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the Week of Proper 6 / Ordinary 11
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Bible Commentaries
1 Kings 6

Sutcliffe's Commentary on the Old and New TestamentsSutcliffe's Commentary

Verses 1-38

1 Kings 6:1 . In the four hundred and eightieth year. The Hebrew, the Chaldaic, and most of the Greek versions read as the English; yet some difficulties occur. Vide Poli in locum. The following summary seems to contain the chronology.

Moses in the desert 40 Numbers 14:33

Joshua in war and peace 17 Not named

The Judges 299 Usher’s chronology

Eli’s presidency 40 1 Samuel 4:18

Samuel and Saul 40

David 40 1 Kings 2:11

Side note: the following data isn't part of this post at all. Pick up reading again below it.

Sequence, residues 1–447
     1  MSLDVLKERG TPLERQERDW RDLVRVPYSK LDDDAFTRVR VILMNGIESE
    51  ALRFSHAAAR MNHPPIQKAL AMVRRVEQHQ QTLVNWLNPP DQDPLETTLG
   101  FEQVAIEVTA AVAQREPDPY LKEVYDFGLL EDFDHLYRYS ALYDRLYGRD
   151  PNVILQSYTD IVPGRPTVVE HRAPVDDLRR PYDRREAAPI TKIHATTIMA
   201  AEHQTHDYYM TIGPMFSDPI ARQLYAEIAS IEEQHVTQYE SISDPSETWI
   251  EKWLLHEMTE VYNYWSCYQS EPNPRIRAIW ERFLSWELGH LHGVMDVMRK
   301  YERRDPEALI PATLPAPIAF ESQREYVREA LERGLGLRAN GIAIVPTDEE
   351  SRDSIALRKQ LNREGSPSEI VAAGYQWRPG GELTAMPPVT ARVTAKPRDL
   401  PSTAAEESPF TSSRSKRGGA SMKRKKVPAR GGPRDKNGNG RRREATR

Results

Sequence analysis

Solomon 4 Solomon’s 4th year

480 years.

1 Kings 6:26 . One cherub was ten cubits, or more than eighteen feet. Those seen by Ezekiel were very large.

1 Kings 6:29 . He carved cherubims, and palm trees, and open flowers; that is, flowers in full bloom. The supreme Being was understood to delight in woods, groves, gardens, and fountains. So a poet has said Habitarunt Dii quoque sylvas. But the druids thought he preferred cairns, craggs, and mountain-tops. The prophet says, he prefers the heart of the contrite, and the man that trembles at his word.

1 Kings 6:36 . Three rows of stone, and a row of cedar beams put across to support the floor, and shelter the worshippers from the solar rays and the rain. The stones used in the temple were all large.